Bee City Canada Pollinator Summit

On September 25, 2018 Bee City Canada held their first Pollinator Summit at the Kortright Centre for Conservation in Woodbridge, Ontario. This report provides a summary of the event that emphasized participation and collaboration.

Workshop participants included representatives from 19 current and future Ontario Bee Cities, four Bee Campuses including Wilfrid Laurier University, the University of Guelph, Fleming College, and Western University. The Ontario Ministry of Natural Resources and Forestry attended, along with several organizations including Wildlife Preservation Canada, Pollinator Partnership, the Ontario Greenbelt Foundation, and Hydro One.

The purpose of the workshop was to bring together Bee City Canada affiliates, volunteers, and supporters, to network, share knowledge, and celebrate successes. The success of the bee city movement is a result of the commitment and action taken by all of these passionate people who continue to support, protect, and raise awareness for pollinators.

The morning began with an introduction from OMAFRA facilitator Helen Scutt, opening remarks by Bee City Canada Director Shelly Candel, and an important opening welcome from Anishinaabe cultural consultant, Kim Wheatley. Kim also provided closing remarks reminding us to ensure inclusivity in every effort, inviting people to the table whose voices are largely unheard.

Included in the morning agenda, several Ontario Bee Cities shared their journeys and successful bee city initiatives including Niagara Falls, the Township of King, and the City of Guelph. As the first bee city in Canada, the City of Toronto highlighted their bee city program and Pollinator Protection Strategy. Prior to the morning break, the Provincial Apiary Specialist with OMAFRA and the Vice President of the Ontario Bee Keepers Association addressed summit attendees (see Appendix A for speaker details).

Breakout Session Topics

 

  • Habitat
  • Education & Communication
  • Community Engagement
  • Celebrating Pollinators
  • Sourcing Materials (plants, seeds)
  • Collaboration & Partnerships
  • What can Bee City Canada do for you?

Two keynote speakers from the University of Guelph immediately followed the morning break to inspire attendees for the afternoon breakout sessions. The breakout sessions were designed with participation and collaboration in mind and attendees participated in discussions and visioning at four of eight sessions of their choosing (Box 1). Sessions were primarily facilitated by Bee City Canada Board of Directors and the summit organizing team. In twenty minute intervals, participants moved between topics and shared thoughts, ideas, successes, challenges, and ways forward for bee city affiliates.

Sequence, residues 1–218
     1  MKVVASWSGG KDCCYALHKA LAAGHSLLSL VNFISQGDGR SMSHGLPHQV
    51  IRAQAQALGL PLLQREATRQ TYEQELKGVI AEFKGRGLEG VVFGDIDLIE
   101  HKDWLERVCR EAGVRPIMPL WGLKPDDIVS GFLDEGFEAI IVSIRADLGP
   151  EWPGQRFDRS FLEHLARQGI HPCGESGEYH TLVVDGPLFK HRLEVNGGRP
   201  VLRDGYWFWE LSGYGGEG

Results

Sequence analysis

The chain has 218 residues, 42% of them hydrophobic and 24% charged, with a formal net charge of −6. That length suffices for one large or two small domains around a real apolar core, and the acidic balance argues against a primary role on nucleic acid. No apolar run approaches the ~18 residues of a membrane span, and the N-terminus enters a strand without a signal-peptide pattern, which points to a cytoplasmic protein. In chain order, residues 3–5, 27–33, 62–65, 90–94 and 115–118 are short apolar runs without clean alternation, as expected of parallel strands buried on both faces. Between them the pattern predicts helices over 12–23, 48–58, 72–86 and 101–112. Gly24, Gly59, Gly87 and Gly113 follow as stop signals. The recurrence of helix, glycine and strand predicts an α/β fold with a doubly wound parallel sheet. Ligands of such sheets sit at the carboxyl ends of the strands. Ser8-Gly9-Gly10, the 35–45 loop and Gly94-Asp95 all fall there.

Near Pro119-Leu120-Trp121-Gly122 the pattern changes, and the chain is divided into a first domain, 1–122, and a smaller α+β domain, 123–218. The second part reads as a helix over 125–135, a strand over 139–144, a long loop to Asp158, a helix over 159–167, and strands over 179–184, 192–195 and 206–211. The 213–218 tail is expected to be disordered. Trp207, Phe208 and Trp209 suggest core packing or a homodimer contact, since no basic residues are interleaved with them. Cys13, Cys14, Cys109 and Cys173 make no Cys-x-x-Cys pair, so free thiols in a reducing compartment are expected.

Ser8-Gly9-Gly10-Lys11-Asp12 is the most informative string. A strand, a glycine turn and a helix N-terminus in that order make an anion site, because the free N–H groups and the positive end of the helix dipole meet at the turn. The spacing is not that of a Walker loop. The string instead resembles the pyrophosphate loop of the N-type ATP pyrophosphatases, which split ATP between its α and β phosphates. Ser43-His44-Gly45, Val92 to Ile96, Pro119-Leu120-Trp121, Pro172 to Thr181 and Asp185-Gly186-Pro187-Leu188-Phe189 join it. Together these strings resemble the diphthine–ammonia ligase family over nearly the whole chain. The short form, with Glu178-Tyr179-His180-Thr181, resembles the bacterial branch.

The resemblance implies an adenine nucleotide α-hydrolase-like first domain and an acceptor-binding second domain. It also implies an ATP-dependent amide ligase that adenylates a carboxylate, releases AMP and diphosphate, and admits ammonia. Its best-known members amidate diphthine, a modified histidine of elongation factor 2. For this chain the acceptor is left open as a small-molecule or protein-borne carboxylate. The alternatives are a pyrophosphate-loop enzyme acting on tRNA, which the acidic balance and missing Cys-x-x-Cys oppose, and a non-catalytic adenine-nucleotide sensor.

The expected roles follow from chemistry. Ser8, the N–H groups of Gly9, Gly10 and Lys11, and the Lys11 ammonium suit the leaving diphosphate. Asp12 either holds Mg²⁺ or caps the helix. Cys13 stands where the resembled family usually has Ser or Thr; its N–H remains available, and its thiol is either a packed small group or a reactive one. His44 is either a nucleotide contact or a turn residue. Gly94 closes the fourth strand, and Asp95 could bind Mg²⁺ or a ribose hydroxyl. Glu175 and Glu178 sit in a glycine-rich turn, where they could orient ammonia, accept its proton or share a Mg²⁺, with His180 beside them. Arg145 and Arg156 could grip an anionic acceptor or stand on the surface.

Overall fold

Moving Forward – Next Steps

It is important to maintain the momentum of the Bee City movement across the country. In September 2018 there are 22 bee cities, 21 bee schools, and 11 bee businesses and this number is growing. The Bee City movement is an opportunity to take action in a meaningful way to support and protect pollinators and be part of a larger community of practice that is concerned with creating positive and lasting change in the world.

Key Messages

 

 Knowledge sharing between and beyond bee cities.

Education is critical to move forward and address misconceptions.

Collaboration & partnerships are vital.

Leverage existing programs and technology for messaging.

Tap into local/regional/national leadership and expertise.

Simple and consistent messages.

Be mindful of inclusivity.

Celebrating Bee Cities Kitchener and Waterloo!

Celebrating Bee Cities Kitchener and Waterloo!

Shelly Candel addresses community members during the Bee City recognition ceremony at the 2018 Kitchener-Waterloo Earth Day celebration.

Despite the chill in the air, there was a great turnout for the 2018 Kitchener-Waterloo Earth Day celebration held at Kiwanis Park in Kitchener on April 28th, 2018.

The event offered many things to interest nature lovers. Fans of birds witnessed some impressive bird of prey presentations put on by the Canadian Raptor Conservancy. The Waterloo Horticultural Society, RARE Reserve, Waterloo Region Nature and Bee City Kitchener teams were also on hand, organizing fun and educational activities, such as bird box building and native shrub and tree planting.

Left: The Canadian Raptor Conservancy’s birds of prey were a star attraction at the Earth Day celebration
Right: A young visitor playing the seed matching game at the Kitchener Bee City display table.

What was most exciting for Bee City Canada however, was that we had the honour of recognizing two new Bee Cities, Kitchener and Waterloo! During  a brief ceremony attended by members of each community, Bee City Canada’s founder Shelly Candel offered special thanks to Kitchener Mayor Berry Vrbanovic and Waterloo Mayor Dave Jaworsky for their support and leadership in protecting pollinators! She also recognized municipal champions Joshua Shea, Natural Areas Coordinator for Kitchener and Peggy Stevens, Environmental Stewardship Coordinator for Waterloo, as well as the working group champions who volunteer their time and passion to help protect pollinators in their respective communities.

Left to right: Waterloo Bee City Working Group member Gary Brenner, Waterloo Mayor Dave Jaworsky, Bee City Canada Director Shelly Candel, Kitchener Mayor Berry Vrbanovic.